There will never be a time where face-to-face visits will be obsolete, but COVID-19 has changed our world and brought a heightened awareness and acceptance of telemedicine. If your practice or organization has not mobilized virtual visits, I recommend you get on board quickly. Now is the time to evaluate and reset your practice or organization and find ways to expand your services via telemedicine.
Every life has been impacted by the COVID-19 pandemic, and all our lives have changed, but we cannot let this crisis define us. We need to define the “new normal” and what that will look like for healthcare patients and providers. We have learned a new way to connect through video services to our families, our friends, AND our patients. We can connect and interact with our teams and, most importantly, obtain our healthcare services. We have learned that our patients do not have to be in close proximity or mobile. Although telemedicine has been around for years, our healthcare system recently experienced a rapid launch of virtual visits. This has brought about some changes that may likely be permanent, from the newly recognized “qualified independent healthcare providers,” to the utilization and expansion of patients that we are able to reach, to the reimbursement policies enacted and enforced by Medicare and the federal government in response to the public health emergency (PHE).
Medicare greatly expanded access to telehealth (real-time, interactive audio/visual) services. Patients across the entire country can now receive telehealth services in all settings, including their homes. Practitioners can provide telehealth services from their homes to new and established patients. Medicare has expanded its list of covered telehealth services and now allows a large volume of these services to be performed by telephone. These audio-only services have been expanded to include behavioral health, patient education, and counseling services. Payment for these services has been increased from the range of $14-$41 to a range of $46-$110, which is comparable to reimbursements for office/outpatient visits. This change is effective as of April 30, 2020, but retroactive from March 1, 2020, by Medicare.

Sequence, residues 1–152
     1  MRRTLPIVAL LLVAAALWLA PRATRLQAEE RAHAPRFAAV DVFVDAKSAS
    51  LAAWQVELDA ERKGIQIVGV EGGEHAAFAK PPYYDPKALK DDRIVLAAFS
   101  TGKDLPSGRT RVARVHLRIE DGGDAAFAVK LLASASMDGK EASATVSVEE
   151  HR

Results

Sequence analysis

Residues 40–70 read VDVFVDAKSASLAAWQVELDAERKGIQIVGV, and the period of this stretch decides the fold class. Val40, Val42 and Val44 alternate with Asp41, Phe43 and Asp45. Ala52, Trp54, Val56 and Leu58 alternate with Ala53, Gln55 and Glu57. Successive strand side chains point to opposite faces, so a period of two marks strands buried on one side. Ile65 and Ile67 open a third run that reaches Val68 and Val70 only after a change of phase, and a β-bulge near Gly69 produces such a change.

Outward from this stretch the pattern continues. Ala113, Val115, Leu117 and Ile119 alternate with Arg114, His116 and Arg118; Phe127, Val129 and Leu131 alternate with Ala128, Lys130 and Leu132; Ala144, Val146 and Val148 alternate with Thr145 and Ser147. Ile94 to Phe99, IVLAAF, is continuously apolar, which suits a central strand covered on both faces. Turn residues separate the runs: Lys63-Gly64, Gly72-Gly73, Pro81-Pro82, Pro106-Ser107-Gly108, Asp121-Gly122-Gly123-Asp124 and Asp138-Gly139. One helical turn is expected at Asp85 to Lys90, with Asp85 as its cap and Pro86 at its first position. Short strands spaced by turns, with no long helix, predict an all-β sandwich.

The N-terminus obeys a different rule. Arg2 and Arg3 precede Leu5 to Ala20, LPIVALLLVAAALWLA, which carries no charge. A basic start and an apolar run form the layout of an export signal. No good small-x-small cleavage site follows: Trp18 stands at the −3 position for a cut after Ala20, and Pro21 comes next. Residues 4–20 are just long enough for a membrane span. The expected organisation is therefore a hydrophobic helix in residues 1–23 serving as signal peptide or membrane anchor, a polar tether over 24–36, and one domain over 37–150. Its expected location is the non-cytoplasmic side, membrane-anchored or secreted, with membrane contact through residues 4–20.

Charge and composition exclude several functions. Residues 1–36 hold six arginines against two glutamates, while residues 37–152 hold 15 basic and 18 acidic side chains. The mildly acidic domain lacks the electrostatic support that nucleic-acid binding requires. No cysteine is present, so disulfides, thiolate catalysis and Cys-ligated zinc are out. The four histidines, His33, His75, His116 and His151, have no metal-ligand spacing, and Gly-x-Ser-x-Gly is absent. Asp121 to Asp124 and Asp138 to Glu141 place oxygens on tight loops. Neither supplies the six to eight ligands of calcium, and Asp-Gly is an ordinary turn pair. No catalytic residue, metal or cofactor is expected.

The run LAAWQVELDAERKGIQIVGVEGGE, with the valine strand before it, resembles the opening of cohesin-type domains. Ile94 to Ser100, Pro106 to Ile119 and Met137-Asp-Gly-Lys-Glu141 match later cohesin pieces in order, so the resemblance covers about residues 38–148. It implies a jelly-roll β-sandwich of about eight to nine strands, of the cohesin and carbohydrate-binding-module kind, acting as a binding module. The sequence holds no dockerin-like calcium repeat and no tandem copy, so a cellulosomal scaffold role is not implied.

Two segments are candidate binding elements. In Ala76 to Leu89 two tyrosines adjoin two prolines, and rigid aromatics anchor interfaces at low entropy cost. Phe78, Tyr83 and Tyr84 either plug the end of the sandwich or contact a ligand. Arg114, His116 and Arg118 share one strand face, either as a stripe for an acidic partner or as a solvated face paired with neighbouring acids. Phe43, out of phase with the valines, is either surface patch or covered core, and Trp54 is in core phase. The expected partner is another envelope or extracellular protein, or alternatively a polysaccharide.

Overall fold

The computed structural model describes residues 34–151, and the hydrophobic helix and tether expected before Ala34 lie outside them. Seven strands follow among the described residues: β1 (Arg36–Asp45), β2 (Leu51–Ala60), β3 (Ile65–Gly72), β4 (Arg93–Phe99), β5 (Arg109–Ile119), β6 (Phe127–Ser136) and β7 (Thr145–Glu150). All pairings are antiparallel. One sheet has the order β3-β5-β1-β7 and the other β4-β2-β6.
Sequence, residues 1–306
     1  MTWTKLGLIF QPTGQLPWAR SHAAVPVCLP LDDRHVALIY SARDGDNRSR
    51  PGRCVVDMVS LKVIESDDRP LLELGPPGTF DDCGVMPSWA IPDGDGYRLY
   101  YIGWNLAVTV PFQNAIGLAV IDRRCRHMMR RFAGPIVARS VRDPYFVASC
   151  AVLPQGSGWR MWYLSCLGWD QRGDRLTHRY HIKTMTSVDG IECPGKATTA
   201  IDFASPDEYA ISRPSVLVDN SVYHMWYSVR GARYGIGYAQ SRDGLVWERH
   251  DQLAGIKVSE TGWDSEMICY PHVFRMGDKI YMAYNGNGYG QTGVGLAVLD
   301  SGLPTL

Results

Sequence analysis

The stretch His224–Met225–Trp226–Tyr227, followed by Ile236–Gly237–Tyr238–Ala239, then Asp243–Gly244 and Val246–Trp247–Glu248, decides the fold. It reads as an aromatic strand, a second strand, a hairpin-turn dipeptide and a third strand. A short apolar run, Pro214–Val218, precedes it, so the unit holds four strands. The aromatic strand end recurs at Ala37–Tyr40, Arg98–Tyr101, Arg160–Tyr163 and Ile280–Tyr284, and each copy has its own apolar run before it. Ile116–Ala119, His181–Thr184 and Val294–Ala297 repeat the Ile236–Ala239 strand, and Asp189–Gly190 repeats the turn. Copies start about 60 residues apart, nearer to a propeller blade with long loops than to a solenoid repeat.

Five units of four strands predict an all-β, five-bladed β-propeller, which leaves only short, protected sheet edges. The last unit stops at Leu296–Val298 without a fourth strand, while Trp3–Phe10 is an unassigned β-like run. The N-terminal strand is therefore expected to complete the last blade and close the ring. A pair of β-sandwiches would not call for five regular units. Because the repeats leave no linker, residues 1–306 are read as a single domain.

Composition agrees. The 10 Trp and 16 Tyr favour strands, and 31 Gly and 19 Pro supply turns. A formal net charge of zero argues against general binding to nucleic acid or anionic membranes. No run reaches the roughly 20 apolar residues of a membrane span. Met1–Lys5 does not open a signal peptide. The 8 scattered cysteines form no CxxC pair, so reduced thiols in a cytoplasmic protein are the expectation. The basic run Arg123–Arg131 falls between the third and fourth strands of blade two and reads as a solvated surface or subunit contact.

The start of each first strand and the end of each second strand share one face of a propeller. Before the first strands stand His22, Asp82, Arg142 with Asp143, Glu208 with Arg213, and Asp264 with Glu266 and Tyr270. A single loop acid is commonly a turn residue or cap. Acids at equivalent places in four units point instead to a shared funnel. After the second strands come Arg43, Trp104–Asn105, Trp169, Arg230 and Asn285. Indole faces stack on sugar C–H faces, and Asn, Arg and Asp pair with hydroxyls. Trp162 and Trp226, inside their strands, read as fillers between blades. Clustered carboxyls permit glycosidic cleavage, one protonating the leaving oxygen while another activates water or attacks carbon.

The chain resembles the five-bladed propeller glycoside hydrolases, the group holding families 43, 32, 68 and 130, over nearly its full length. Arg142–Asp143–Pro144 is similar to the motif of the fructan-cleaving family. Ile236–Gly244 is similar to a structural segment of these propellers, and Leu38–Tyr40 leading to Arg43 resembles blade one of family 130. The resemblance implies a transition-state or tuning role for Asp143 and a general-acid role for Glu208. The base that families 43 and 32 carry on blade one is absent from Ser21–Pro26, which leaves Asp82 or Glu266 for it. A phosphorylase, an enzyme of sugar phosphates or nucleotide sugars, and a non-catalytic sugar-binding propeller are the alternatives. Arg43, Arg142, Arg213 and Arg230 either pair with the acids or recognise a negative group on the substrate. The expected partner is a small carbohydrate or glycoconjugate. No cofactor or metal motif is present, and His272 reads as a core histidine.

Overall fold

In addition, the COVID-19 PHE regulatory waivers have provided significant relaxation in the guidelines including:
- Licensure: CMS waived the Medicare requirement that a physician or non-physician practitioner must be licensed in the State in which s/he is practicing.
- Limitations on Practitioner Type: For the duration of the COVID-19 PHE, CMS waived provider billing restrictions for telehealth services.
- Frequency Limitations: CMS waived limitations on the number of times certain services that can be provided via telehealth, including subsequent inpatient visits, subsequent skilled nursing facility visits, and critical care consults.
- Home Health Services: Nurse practitioners, clinical nurse specialists, and physician assistants may now provide home health services.
- Outpatient Maintenance Therapy: CMS will allow physical and occupational therapists to delegate maintenance therapy services to physical and occupational therapy assistants working in outpatient settings.
- Diagnostic Tests: CMS is adding flexibility for providers (NPs, clinical nurse specialties, PAs, certified nurse midwives) that can furnish services directly and incident to their own services, within their state scope of practice.
Major commercial payers are initiating coverage policy changes similar to Medicare, including expanding the list of telehealth services and recognized providers, waiving originating site requirements, and waiving member cost-sharing. Check with your carriers for coverage details.
In another unprecedented action, Medicare temporarily waived the requirement for documentation of history and/or examination for an E/M service. A practitioner may use MDM or time to select the code, with time defined as “all of the time associated with the E/M on the day of the encounter.”
- Office/Outpatient E/M Services (99201–99215) provided via telehealth- history or physical exam not required for the level of service selection.
- Provide total time spent ONLY by the practitioner (not staff) during the visit, whether counseling dominates the visit or not, -OR-
- Use MDM as currently defined
Practitioners should continue to be focused on appropriate documentation, coding, and billing of these services. Compliance is still in effect!
Practitioners and patients have embraced our new virtual normal. While there is likely to be some decrease in the relaxation of the guidelines and payment increases, many of these changes are projected to remain in place after the PHE.
Change is only difficult if we focus on the negative, and our challenging experience is not purposeless if we can produce positive change. Telemedicine is a positive and growing medical treatment option that is here to stay! Let’s reshape our vision and embrace the virtual future of healthcare.
Pam D’Apuzzo, CPC, ACS-EM, ACS-MS, CPMA